Unless you’re a hacker with a long-handled putter, the dispute gathering steam in the upper echelons of the game on both sides of the Atlantic is probably passing you by. But it may eventually embrace us all.
The key word is bifurcation which means to divide into two branches and that is, some say, what is going to happen to this old game of ours. The pros will play one game and the rest of us will play another version.
As far as I am concerned, I already play a totally different version but they mean a different set of rules.
This prospect has been brought to a head by the threat from our governing bodies to ban the anchoring of a putter to the body when making a stroke. Of course, you could anchor a normal length putter to your body but that could be uncomfortable, painful or even harmful to the future of the species.
No, we are talking about long putters and while not actually banning them the R & A and the USGA could ban the act of anchoring which would render them unusable.
Two sections of the game not happy about this — the pros who use them and those who manufacture them. Considering that three of the last five major winners use long putters and that manufacturers are busy making enough long putters to go three times around the world, this not a lobby to be easily ignored.
In the past week, the dispute has been accelerated in its seriousness by Mark King, chief executive of TaylorMade-Adidas, who called the R & A and the USGA ‘obsolete’ and said that they would be non-entities within ten years.
He said that the various professional Tours should make their own rules and that, for the plebs, a new form of golf should emerge that would be more exciting, more fun and more accessible.
Then he claimed that nobody plays by the exact rules of golf on Friday afternoon with their buddies. If he took liberties with the rules at our club he’d be hanging from a tree by lunchtime.
He even suggested, tongue in cheek or not, that making the hole bigger would be a help.
I can’t speak for all hackers but what drives us is the utterly impossible challenge of ever getting the better of golf. To even suggest that we would welcome the game being made easier is to totally misunderstand our motivation. It is tantamount to an insult.
It is not difficult to understand King’s motivation. Last year his group made a profit of 2 billion dollars which was amazing in a dwindling market. There were 26 million golfers in the US in 2011, down from 30 million in 2005, and a net loss of around 350 clubs.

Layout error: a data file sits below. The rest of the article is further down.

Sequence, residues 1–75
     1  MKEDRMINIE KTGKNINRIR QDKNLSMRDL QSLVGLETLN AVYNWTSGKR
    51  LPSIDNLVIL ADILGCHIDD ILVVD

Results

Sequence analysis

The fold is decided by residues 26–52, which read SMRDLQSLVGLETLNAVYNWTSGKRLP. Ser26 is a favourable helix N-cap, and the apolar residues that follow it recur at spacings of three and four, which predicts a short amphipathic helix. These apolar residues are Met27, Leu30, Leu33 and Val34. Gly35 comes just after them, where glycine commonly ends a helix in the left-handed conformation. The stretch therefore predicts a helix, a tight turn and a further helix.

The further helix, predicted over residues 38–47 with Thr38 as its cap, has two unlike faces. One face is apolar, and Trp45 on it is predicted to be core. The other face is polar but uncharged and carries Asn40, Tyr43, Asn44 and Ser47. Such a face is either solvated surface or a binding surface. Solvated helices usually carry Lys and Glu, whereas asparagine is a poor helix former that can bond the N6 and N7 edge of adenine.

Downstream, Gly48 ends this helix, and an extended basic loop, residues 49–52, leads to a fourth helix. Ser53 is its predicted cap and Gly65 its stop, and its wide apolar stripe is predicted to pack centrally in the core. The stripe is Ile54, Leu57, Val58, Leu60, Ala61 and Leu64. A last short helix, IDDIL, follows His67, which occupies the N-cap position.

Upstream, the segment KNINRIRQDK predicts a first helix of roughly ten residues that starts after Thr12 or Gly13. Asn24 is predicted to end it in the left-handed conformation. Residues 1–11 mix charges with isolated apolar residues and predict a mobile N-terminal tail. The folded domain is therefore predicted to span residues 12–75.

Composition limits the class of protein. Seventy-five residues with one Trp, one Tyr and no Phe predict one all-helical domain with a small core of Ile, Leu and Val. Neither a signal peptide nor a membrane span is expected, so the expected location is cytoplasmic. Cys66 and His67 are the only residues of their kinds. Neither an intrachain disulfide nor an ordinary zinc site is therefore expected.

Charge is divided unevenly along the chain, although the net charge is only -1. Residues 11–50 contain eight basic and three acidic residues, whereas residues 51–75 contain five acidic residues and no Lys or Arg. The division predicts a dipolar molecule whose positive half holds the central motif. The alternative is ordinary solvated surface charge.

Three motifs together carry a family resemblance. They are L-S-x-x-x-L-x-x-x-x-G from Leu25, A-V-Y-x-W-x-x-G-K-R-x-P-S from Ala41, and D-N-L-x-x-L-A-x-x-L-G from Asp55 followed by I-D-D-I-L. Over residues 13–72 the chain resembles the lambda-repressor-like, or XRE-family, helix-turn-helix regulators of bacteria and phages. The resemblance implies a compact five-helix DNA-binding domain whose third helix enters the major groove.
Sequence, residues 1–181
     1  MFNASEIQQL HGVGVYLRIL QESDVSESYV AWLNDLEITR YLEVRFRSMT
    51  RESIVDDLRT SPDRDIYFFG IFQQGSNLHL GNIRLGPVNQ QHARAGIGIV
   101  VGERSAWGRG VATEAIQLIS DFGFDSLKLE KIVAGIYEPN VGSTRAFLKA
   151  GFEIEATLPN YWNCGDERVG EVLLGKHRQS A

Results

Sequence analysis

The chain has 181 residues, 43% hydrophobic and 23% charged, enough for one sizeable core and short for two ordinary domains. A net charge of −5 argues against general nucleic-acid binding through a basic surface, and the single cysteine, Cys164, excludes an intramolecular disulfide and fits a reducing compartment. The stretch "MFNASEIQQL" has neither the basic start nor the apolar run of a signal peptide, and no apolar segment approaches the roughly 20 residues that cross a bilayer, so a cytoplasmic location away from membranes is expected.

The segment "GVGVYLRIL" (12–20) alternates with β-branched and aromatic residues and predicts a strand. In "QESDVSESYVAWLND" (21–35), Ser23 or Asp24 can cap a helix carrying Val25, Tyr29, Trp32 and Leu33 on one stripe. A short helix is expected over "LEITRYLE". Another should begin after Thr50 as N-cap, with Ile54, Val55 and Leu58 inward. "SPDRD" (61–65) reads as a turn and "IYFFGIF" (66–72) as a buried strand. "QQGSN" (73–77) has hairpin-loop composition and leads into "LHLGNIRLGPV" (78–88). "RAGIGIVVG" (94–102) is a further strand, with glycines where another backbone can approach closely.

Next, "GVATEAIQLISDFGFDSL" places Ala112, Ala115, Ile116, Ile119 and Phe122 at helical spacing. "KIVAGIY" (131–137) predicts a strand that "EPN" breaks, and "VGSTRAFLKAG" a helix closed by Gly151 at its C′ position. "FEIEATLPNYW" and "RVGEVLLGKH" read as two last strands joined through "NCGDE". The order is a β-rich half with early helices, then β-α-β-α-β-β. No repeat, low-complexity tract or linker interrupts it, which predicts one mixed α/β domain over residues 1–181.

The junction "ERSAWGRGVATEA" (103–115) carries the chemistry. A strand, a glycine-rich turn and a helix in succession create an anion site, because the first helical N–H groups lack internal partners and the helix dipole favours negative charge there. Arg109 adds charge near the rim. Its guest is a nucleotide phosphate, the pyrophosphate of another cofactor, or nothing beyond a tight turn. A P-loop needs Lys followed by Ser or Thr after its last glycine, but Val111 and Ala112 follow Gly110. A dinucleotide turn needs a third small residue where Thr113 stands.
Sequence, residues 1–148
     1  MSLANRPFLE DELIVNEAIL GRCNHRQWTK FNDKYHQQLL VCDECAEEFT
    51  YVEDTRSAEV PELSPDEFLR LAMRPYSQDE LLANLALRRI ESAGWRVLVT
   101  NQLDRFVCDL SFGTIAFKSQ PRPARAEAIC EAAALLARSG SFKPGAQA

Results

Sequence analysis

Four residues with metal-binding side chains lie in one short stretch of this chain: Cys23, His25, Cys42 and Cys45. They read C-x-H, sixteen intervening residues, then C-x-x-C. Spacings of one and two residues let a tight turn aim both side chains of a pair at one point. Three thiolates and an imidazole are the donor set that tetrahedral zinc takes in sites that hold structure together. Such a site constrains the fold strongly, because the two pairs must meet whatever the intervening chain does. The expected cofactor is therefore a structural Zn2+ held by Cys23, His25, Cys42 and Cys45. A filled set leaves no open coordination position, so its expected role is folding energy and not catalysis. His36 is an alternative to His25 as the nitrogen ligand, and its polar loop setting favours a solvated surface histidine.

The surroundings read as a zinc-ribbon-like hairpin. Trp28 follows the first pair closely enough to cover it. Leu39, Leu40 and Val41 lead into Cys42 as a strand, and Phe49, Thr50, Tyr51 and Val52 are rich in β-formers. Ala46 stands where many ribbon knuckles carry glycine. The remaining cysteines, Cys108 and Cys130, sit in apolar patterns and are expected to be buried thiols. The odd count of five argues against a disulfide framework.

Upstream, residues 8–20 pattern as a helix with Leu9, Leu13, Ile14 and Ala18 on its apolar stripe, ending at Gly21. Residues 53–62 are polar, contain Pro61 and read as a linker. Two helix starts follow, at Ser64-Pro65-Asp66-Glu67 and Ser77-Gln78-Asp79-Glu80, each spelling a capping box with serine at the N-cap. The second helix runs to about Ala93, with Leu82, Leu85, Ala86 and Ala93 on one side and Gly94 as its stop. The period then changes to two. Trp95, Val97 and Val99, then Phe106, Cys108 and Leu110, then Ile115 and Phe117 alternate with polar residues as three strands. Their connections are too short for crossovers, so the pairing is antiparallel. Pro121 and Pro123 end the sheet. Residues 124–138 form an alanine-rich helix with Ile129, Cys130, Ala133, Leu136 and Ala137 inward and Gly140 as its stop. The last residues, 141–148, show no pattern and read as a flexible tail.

No wonder he wants to make the game more popular. I would be less inclined to doubt his altuism if I hadn’t shared an experience with countless thousands of golfers world-wide.
Several years ago I had a TaylorMade driver which I was very fond of. Unfortunately, that particular make and many others were declared illegal because their club faces had a trampoline effect deemed to be unfair.
I’m not sure King was involved with TaylorMade at that time but I don’t recall any fuss from the manufacturers. Why should they? Our clubs were scrapped, mine’s still in the garage, and we had to pay a couple of hundred pounds to replace them.
Was there any apology for selling us clubs that were capable of being declared unlawful, any compensation to help us purchase new clubs? Of course not, they were happy to make more money from us.
It is ironic that the market is now flooded with clubs capable of sending the ball even further than our illegal clubs were supposed to.
The difference is that if long putters are banned, they can’t make any more. There’s no replacement market.
One thing is certain; the R& A and the USGA, as deliberate and slow moving as they are, must preserve their authority over the commercial interests whose genuine respect for this ancient game is so suspect.
Anyway, I think I’ve spotted one flaw in the King master-plan — if you made the holes bigger, nobody would need a long-handled putter.